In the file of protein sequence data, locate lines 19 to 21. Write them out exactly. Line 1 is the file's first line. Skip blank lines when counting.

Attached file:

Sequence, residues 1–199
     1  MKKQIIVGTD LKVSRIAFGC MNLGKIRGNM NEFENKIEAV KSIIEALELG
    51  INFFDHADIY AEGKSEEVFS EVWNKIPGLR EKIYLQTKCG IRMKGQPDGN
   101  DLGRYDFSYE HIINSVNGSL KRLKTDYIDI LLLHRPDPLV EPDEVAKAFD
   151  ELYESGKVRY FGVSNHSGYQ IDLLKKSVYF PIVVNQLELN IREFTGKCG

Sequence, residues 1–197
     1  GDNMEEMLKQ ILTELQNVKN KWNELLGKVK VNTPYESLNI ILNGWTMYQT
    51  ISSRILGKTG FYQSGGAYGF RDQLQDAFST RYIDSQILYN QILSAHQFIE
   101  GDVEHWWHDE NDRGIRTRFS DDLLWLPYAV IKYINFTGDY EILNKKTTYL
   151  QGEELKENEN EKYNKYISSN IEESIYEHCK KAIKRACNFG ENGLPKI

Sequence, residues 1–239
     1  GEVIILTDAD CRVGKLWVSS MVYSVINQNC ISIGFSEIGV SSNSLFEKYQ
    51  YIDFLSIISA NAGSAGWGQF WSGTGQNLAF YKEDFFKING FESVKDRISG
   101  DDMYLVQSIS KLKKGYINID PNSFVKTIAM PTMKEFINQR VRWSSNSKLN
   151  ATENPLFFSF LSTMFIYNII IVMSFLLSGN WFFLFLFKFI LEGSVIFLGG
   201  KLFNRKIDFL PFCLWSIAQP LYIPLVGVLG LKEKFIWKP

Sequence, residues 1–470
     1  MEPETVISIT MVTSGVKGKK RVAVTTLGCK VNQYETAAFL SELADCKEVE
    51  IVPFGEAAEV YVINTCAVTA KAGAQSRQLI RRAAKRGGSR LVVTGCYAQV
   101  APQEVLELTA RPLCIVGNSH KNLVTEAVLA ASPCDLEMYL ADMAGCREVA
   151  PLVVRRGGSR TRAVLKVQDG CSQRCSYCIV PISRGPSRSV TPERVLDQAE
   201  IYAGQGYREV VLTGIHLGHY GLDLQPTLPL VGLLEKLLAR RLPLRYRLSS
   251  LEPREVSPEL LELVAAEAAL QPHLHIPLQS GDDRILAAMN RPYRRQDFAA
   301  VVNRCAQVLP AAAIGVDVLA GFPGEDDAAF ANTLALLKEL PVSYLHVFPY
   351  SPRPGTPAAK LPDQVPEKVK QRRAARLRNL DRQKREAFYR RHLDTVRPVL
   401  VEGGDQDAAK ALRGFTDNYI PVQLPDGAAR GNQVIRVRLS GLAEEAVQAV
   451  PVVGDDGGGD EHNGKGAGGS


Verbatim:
    51  IVPFGEAAEV YVINTCAVTA KAGAQSRQLI RRAAKRGGSR LVVTGCYAQV
   101  APQEVLELTA RPLCIVGNSH KNLVTEAVLA ASPCDLEMYL ADMAGCREVA
   151  PLVVRRGGSR TRAVLKVQDG CSQRCSYCIV PISRGPSRSV TPERVLDQAE